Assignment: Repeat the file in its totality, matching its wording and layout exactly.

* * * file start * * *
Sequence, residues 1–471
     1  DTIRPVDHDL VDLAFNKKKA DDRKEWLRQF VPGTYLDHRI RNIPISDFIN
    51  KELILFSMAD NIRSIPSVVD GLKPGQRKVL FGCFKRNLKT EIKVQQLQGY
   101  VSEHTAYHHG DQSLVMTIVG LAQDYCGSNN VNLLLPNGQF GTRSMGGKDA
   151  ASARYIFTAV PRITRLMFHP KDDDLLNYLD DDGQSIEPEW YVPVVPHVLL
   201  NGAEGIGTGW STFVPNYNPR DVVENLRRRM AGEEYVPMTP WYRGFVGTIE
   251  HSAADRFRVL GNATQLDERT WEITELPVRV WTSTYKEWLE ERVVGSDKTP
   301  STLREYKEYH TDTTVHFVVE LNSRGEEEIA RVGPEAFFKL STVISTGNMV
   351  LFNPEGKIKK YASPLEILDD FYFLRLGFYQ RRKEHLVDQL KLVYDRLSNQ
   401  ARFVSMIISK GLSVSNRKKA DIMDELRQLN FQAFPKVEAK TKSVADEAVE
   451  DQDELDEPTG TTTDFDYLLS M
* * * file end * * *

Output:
Sequence, residues 1–471
     1  DTIRPVDHDL VDLAFNKKKA DDRKEWLRQF VPGTYLDHRI RNIPISDFIN
    51  KELILFSMAD NIRSIPSVVD GLKPGQRKVL FGCFKRNLKT EIKVQQLQGY
   101  VSEHTAYHHG DQSLVMTIVG LAQDYCGSNN VNLLLPNGQF GTRSMGGKDA
   151  ASARYIFTAV PRITRLMFHP KDDDLLNYLD DDGQSIEPEW YVPVVPHVLL
   201  NGAEGIGTGW STFVPNYNPR DVVENLRRRM AGEEYVPMTP WYRGFVGTIE
   251  HSAADRFRVL GNATQLDERT WEITELPVRV WTSTYKEWLE ERVVGSDKTP
   301  STLREYKEYH TDTTVHFVVE LNSRGEEEIA RVGPEAFFKL STVISTGNMV
   351  LFNPEGKIKK YASPLEILDD FYFLRLGFYQ RRKEHLVDQL KLVYDRLSNQ
   401  ARFVSMIISK GLSVSNRKKA DIMDELRQLN FQAFPKVEAK TKSVADEAVE
   451  DQDELDEPTG TTTDFDYLLS M